Marian Gelb was named policy coordinator for the Iowa Natural Heritage Foundation in July, a career move that more narrowly defines her focus on conservation issues after serving five years as the executive director of the Iowa Environmental Council. The Des Moines native and her family moved back here from Washington, D.C. in 1992, after she “won the flip” in deciding with her husband, Sam, on where to relocate. Although her recent career has focused on policy and environmental issues, Gelb started out in commercial banking and ultimately helped launch a “quick and nimble” bank that focused on the entrepreneurial sector in the Washington area.


Why were you in Washington, D.C.?

I had moved to the area basically to go to school. And as life had it, I ended up meeting my husband, getting married and having two kids. I had gone to school and had the opportunity to do commercial lending, which I thought was just fascinating because you get to talk to so many people with so many creative ideas, but after our second daughter was born, we started assessing where we wanted to be. My base was in Des Moines. My husband was from Vincennes, Ind. Basically, I won the flip. With the differences in cost of living, I had the opportunity to stay home and raise my kids.


You didn’t want to return to banking?

I got to come back here and do the mom thing and be involved in all the PTA stuff and do a little political organizing along the way around sales tax campaigns. In 2000, I got involved with the Des Moines Park and Recreation Board, which I’ve been a member of ever since. Through contacts I made there, as well as an interest in the environment - I think it comes from my mother gardening - I got involved with some folks, really Tom Hadden and Growing Green Communities. I started doing some part-time work out of my house for Growing Green Communities on conservation development, design and low-impact development.

When I was ready to go back to work full time - my kids were old enough - and I had worked in policy (at the Legislative Fiscal Bureau and for Sen. Alan Dixon in Washington, D.C.), I had the opportunity in 2007 to apply for the job (with the Iowa Environmental Council). I spent five good years working as the executive director. I did take about a one-year sabbatical(after leaving the council in 2012).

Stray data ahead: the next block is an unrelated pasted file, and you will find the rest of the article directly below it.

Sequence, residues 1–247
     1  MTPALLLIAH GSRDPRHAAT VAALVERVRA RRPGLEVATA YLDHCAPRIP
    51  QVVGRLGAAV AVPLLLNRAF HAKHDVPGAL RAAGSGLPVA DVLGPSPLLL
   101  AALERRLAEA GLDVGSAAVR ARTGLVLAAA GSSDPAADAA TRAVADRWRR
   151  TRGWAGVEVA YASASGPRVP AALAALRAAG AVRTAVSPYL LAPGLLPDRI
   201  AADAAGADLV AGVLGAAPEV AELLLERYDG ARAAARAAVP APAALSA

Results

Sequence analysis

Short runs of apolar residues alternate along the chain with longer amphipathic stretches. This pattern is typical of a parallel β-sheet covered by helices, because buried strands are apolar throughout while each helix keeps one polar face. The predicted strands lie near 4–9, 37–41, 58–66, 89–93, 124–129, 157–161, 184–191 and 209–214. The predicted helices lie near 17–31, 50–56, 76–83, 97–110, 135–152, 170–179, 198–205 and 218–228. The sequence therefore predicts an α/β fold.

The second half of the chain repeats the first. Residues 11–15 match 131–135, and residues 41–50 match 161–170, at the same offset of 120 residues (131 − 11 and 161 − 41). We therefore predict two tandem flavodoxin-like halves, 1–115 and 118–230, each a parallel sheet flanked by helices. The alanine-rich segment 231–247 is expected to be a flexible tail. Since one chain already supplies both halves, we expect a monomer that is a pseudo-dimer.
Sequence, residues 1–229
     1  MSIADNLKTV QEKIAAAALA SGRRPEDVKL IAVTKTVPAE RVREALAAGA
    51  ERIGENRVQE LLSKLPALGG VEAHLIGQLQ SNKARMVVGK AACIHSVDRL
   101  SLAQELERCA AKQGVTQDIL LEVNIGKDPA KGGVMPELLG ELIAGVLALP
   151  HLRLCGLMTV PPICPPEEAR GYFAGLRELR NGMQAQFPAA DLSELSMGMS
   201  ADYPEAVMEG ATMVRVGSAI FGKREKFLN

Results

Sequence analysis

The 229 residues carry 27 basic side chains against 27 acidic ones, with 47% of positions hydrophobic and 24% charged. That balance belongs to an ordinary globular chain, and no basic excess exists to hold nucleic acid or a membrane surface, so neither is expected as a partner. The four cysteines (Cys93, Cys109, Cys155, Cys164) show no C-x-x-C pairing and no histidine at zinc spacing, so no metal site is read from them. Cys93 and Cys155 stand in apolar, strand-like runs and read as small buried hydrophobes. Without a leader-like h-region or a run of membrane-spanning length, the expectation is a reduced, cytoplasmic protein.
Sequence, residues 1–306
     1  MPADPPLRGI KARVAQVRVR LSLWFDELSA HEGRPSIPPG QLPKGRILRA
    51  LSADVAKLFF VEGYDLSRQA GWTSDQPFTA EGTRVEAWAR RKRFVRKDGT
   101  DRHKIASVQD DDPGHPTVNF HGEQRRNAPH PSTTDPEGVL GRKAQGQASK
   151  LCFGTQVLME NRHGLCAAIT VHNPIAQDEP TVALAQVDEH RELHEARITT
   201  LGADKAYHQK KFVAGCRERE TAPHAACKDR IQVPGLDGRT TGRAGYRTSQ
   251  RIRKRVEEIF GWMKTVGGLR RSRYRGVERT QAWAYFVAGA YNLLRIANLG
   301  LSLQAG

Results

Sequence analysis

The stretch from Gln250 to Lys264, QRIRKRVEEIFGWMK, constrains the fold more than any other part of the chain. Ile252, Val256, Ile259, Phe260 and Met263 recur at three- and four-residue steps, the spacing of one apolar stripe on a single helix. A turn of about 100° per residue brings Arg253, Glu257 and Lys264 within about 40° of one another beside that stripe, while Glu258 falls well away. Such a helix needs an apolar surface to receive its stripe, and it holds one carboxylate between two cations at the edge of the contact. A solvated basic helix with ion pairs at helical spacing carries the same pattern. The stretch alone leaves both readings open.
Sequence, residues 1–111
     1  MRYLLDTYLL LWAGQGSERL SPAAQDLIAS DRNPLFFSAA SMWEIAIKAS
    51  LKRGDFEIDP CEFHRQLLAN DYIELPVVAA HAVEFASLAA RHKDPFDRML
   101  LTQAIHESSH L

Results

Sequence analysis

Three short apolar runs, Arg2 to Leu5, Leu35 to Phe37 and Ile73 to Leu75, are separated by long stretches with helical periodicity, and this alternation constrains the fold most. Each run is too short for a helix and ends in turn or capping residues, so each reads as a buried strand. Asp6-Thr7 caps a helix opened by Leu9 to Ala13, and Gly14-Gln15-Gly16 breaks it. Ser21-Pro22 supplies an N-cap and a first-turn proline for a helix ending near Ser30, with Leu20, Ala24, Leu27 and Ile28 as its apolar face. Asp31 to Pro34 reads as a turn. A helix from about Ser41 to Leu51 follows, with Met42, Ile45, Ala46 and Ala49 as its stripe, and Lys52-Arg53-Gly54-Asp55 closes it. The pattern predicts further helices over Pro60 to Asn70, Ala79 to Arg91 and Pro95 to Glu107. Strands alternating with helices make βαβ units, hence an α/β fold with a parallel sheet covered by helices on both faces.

When I did want to get back into the working world, I looked at a lot of different things, especially in insurance and falling back on my banking. But I realized that I’m somebody who needs to work for a cause, that I wouldn’t have been very fulfilled. So when this opportunity came up, it was the perfect fit for me.


What do you do as policy coordinator? Does that mean you’re a lobbyist?

You could call it lobbying, but lobbying is just a portion of what this position does. We’re very interested in following federally what happens with the farm bill. Tax issues are big for this organization because we want to encourage donations of land or we want to encourage conservation easements and what are the tax benefits of those. . . . We’re all about protecting the land, and that includes for habitat purposes and biodiversity. Obviously an offshoot of that is better water quality. 


Are you optimistic about efforts to improve water quality?

Policy work is an exercise in persistence, without a doubt. Policy is slow; change is incremental. We have had minor success, and part of that is the funding issue. We just don’t have the resources that some of those organizations that tend to be on the other side of these issues do.


What are your priorities?

The difference between working here and at the Iowa Environmental Council is that the scope of the policy is much more narrow here. The Iowa Natural Heritage Foundation is a land trust and we’re charged with protecting land. At the Environmental Council, we looked at all environmental policy. 

The conservation funding issues are huge, whether it’s state or federal. The Iowa Water and Land Legacy funding is a priority for this organization, because it will support conservation in the long run throughout the state. Tax issues are important, because they encourage land donations or conservation easements.

I think trying to educate people about the changes in the land use trends is an important way that should help them see what is happening on the landscape and how that impacts their life.